Last month's mass far right demonstration can be linked to a toxic mix of government tolerance of fascism and neoliberalism on steroids. Ewa Jasiewicz investigates.
Transition or succession? Zimbabwe’s future looks uncertain
The fall of Mugabe doesn't necessarily spell freedom for the people of Zimbabwe, writes Farai Maguwu
Don’t let Corbyn’s opponents sneak onto the Labour NEC
Labour’s powerful governing body is being targeted by forces that still want to strangle Jeremy Corbyn’s leadership, writes Alex Nunns
Labour Party laws are being used to quash dissent
Richard Kuper writes that Labour's authorities are more concerned with suppressing pro-Palestine activism than with actually tackling antisemitism
Catalan independence is not just ‘nationalism’ – it’s a rebellion against nationalism
Ignasi Bernat and David Whyte argue that Catalonia's independence movement is driven by solidarity – and resistance to far-right Spanish nationalists
Tabloids do not represent the working class
The tabloid press claims to be an authentic voice of the working class - but it's run by and for the elites, writes Matt Thompson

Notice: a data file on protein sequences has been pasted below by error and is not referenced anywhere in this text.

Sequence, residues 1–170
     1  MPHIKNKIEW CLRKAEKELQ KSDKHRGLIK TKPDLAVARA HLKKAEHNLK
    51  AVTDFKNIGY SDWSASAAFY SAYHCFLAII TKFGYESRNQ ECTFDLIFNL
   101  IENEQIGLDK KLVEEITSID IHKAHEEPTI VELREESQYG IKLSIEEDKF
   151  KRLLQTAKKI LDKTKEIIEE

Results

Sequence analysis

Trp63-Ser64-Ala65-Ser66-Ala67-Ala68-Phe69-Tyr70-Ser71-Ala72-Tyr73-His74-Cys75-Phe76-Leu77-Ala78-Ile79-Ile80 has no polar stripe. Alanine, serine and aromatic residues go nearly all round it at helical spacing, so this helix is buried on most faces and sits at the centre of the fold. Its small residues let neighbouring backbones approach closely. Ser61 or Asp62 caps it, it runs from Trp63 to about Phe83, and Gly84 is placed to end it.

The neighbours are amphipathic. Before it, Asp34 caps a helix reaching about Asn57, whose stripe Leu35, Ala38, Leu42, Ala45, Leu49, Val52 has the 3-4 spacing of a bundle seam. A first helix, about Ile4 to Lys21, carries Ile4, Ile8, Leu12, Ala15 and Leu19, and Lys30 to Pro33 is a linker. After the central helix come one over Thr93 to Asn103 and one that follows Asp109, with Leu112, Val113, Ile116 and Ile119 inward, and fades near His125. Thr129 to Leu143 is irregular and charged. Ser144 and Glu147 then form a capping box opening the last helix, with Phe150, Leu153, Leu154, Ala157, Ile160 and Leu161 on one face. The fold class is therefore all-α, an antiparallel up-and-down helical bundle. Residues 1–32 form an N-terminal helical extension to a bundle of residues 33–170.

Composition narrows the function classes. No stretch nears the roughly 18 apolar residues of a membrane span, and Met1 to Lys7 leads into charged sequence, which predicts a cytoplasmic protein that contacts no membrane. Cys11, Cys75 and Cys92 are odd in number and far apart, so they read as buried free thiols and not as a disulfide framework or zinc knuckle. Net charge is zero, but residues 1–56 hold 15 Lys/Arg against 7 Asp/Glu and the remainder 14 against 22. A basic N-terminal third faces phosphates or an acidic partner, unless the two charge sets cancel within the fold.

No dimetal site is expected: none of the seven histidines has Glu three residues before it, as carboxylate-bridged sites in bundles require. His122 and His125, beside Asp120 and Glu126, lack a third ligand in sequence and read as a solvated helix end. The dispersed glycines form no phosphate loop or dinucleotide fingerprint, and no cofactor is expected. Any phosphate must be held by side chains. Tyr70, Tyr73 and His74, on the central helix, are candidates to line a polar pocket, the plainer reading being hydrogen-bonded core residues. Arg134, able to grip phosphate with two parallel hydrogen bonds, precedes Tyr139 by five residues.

As London City Airport turns 30, let’s imagine a world without it
London City Airport has faced resistance for its entire lifetime, writes Ali Tamlit – and some day soon we will win
The first world war sowed the seeds of the Russian revolution
An excerpt from 'October', China Mieville's book revisiting the story of the Russian Revolution
Academies run ‘on the basis of fear’
Wakefield City Academies Trust (WCAT) was described in a damning report as an organisation run 'on the basis of fear'. Jon Trickett MP examines an education system in crisis.
‘There is no turning back to a time when there wasn’t migration to Britain’
David Renton reviews the Migration Museum's latest exhibition
#MeToo is necessary – but I’m sick of having to prove my humanity
Women are expected to reveal personal trauma to be taken seriously, writes Eleanor Penny
Meet the digital feminists
We're building new online tools to create a new feminist community and tackle sexism wherever we find it, writes Franziska Grobke
The Marikana women’s fight for justice, five years on
Marienna Pope-Weidemann meets Sikhala Sonke, a grassroots social justice group led by the women of Marikana